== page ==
Remember when the Left was actually funny?
Deliberately funny, I mean, not simply ridiculous. For the youngsters who literally do not remember that (and that would be a major demographic, actually), I mean Tom-Lehrer-in-the-1960s funny; Berke-Breathed-in-the-’80s, funny. Some insight, some irony, some wit, some comic timing; an occasional moment when even we on the other side had to say “Touché!”
Honestly, kids, it was a thing—back in the day.
Perhaps there are still some actual political humorists over there on the Left, somewhere. If so, they must be awfully frustrated—for no mere witty observation or well-crafted bit of ironic expression, can compete with flagrant malice for attention in our clickbait political world. They must long for the days when “going low” was ordinary vulgarity, instead of crass personal insult; when it wasn’t yet a moral obligation for the Left to provide partisan hatred with a ginned up laugh track—or to label any wit which might reference their own follies, as partisan hatred.
The crass “comedienne” who “performed” at the White House Correspondents Dinner, is the sort of spokes-slanderer a movement is likely, eventually, to end up with when comedy is subject to party discipline. She was like something straight out of central casting if central casting were George Soros’ office. She faithfully spews forth her faction’s sentiments, with no discernible element of comedy; only the pack instinct keeps her fellow hyenas laughing madly along.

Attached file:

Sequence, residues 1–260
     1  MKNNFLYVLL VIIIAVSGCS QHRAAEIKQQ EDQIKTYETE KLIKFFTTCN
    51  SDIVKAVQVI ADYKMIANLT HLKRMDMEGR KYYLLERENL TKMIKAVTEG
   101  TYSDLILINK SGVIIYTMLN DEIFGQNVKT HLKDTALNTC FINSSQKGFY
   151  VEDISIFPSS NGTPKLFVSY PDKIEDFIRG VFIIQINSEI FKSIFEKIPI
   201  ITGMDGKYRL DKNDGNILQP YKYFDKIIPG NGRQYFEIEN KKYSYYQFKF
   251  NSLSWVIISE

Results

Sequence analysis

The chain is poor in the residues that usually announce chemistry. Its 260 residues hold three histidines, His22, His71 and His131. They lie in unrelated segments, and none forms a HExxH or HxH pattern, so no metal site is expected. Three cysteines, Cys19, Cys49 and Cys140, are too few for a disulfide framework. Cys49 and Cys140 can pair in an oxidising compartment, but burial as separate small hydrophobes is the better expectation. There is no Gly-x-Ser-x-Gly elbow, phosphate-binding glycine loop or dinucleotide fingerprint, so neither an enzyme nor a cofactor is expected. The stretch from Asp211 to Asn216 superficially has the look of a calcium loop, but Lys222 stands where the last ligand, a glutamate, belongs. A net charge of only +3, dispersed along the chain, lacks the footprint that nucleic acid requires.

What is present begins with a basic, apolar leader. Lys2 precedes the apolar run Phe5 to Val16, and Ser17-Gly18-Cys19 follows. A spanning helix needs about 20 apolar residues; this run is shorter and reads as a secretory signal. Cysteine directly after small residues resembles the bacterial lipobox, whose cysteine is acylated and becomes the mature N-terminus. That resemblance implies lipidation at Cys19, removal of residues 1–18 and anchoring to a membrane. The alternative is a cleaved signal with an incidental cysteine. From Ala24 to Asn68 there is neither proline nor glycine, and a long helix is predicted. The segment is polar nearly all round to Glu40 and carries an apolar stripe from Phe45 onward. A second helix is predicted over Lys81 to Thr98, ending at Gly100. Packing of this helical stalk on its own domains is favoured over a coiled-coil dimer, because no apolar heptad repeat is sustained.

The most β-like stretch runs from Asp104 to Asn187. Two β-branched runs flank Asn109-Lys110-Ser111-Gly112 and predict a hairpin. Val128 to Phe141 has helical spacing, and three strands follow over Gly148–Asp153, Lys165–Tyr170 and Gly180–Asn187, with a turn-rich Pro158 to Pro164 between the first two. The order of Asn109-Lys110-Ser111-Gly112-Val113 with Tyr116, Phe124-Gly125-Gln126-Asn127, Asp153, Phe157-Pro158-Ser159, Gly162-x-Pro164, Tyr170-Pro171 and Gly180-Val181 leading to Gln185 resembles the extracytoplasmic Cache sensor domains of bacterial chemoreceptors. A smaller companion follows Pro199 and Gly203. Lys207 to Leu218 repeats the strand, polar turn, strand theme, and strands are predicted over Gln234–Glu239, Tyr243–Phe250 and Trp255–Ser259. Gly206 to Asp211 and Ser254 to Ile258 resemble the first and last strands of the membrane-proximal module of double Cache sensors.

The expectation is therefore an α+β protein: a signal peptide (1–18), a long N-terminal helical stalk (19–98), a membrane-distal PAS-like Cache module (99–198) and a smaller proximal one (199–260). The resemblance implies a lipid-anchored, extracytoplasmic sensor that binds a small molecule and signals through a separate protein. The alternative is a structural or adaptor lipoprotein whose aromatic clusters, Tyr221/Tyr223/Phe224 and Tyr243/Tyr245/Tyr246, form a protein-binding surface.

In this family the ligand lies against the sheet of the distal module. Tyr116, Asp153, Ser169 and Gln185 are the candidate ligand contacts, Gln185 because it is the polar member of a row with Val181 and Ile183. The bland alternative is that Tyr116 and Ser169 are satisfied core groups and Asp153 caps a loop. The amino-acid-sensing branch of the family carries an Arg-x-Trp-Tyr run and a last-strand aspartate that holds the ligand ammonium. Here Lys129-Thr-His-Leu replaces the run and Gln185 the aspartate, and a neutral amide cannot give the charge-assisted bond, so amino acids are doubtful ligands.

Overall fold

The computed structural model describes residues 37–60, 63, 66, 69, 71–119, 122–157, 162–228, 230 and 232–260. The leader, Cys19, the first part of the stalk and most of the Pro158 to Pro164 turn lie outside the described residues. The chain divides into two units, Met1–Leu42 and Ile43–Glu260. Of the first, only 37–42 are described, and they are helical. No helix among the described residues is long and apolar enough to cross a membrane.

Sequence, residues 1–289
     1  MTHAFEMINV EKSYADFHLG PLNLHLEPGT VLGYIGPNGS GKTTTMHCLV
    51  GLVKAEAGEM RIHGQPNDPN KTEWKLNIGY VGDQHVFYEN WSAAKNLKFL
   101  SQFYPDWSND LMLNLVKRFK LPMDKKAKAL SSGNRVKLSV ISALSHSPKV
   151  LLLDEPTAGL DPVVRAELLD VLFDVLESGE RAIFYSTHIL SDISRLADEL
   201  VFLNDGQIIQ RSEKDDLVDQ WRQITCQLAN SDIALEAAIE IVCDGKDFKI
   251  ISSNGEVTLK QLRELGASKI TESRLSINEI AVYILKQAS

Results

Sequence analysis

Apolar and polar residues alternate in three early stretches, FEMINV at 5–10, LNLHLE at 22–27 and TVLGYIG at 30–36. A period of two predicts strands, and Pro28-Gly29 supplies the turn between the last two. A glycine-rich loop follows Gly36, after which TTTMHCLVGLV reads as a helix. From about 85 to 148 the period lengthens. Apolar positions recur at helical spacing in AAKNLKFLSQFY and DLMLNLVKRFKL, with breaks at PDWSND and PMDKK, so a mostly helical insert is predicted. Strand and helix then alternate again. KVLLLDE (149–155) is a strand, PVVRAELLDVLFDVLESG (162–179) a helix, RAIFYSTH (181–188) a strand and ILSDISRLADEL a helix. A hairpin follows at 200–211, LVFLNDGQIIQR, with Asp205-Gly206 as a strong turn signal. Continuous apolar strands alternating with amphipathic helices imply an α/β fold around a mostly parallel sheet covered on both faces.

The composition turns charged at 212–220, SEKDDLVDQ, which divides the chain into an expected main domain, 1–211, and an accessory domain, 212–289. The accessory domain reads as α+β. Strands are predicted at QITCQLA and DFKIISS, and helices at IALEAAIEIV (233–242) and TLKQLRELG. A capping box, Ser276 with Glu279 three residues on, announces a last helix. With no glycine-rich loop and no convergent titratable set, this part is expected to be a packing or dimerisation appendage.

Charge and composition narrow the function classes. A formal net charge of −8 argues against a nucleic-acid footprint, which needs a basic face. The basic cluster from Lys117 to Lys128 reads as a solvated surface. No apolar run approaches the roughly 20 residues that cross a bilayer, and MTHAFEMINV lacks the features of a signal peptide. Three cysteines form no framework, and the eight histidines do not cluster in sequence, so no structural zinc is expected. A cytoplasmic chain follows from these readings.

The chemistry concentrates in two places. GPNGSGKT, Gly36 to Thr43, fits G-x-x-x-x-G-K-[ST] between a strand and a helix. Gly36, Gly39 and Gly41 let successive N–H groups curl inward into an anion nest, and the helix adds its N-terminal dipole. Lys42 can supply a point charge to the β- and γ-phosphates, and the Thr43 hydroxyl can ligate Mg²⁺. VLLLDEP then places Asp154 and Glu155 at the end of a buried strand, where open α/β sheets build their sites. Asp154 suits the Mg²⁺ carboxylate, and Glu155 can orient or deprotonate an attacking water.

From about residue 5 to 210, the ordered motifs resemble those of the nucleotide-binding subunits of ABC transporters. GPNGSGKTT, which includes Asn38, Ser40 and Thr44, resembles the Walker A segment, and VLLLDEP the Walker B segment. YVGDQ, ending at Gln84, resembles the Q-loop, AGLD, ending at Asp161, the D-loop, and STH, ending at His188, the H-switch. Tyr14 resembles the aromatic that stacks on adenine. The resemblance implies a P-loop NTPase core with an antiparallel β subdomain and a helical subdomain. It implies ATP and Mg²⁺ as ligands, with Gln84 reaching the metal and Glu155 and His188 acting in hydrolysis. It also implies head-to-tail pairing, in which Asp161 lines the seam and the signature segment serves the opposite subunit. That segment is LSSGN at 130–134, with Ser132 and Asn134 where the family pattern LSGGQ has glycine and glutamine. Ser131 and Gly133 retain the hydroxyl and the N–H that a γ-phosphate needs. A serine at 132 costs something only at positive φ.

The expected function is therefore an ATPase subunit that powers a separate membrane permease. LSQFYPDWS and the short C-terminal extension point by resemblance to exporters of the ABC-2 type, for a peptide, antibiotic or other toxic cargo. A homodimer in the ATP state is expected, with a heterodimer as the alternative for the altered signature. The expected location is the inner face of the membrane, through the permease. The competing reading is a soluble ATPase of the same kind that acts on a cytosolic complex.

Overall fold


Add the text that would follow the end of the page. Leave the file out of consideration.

Fundamental dishonesty underlies much of Leftist humor; but perhaps the most shameless lie, is the suggestion that it’s actually funny.
“For as the crackling of thorns under a pot, so is the laughter of the fool,” Ecclesiastes tells us. The scorn and malice the Left displays in its humor, keeps on heating that pot—the one in which their electoral goose is cooked.
“As a mad man who casteth firebrands, arrows, and death, So is the man that deceiveth his neighbour, and saith, Am not I in sport?” —Proverbs 26: 18-19
When the Saracen feels that his heart just might break,
With joy or with mourning, at wedding or wake,
With a catch in his throat and a tear in his eye,
He lets loose a rifle burst into the sky;
The groanings his heart cannot utter, expressed
By Kalishnikov, with much greater success.
When the tracers erupt in the mountains dark,
Woe betide anyone at the end of the arc—
But the steppes are wide, where the night wind’s brisk,
And collateral damage is acceptable risk.
The occasional cousin the rounds wound or kill
Is chalked up to Allah’s most inscrutable will.
Like jihadhis festively slinging lead
Are some pundits—but scattering lies instead;
Masked as entertainers, these slanderers who’re
Promoting contempt based upon caricature.
“Where’s your sense of humor?” the wit protests:
“Isn’t this a free country? Am I not in jest?”
Yes, the country’s still free, but your airtime costs money;
And you’re fools, but not jesters, ‘cause jesting is funny.
Mock on, Wolf and Stewart; be mirthful, Colbert,
Your full-auto chatter spray into the air—
While there’s malice and pride, you’ve an audience still—
But the laughter sounds ever more frantic and shrill.
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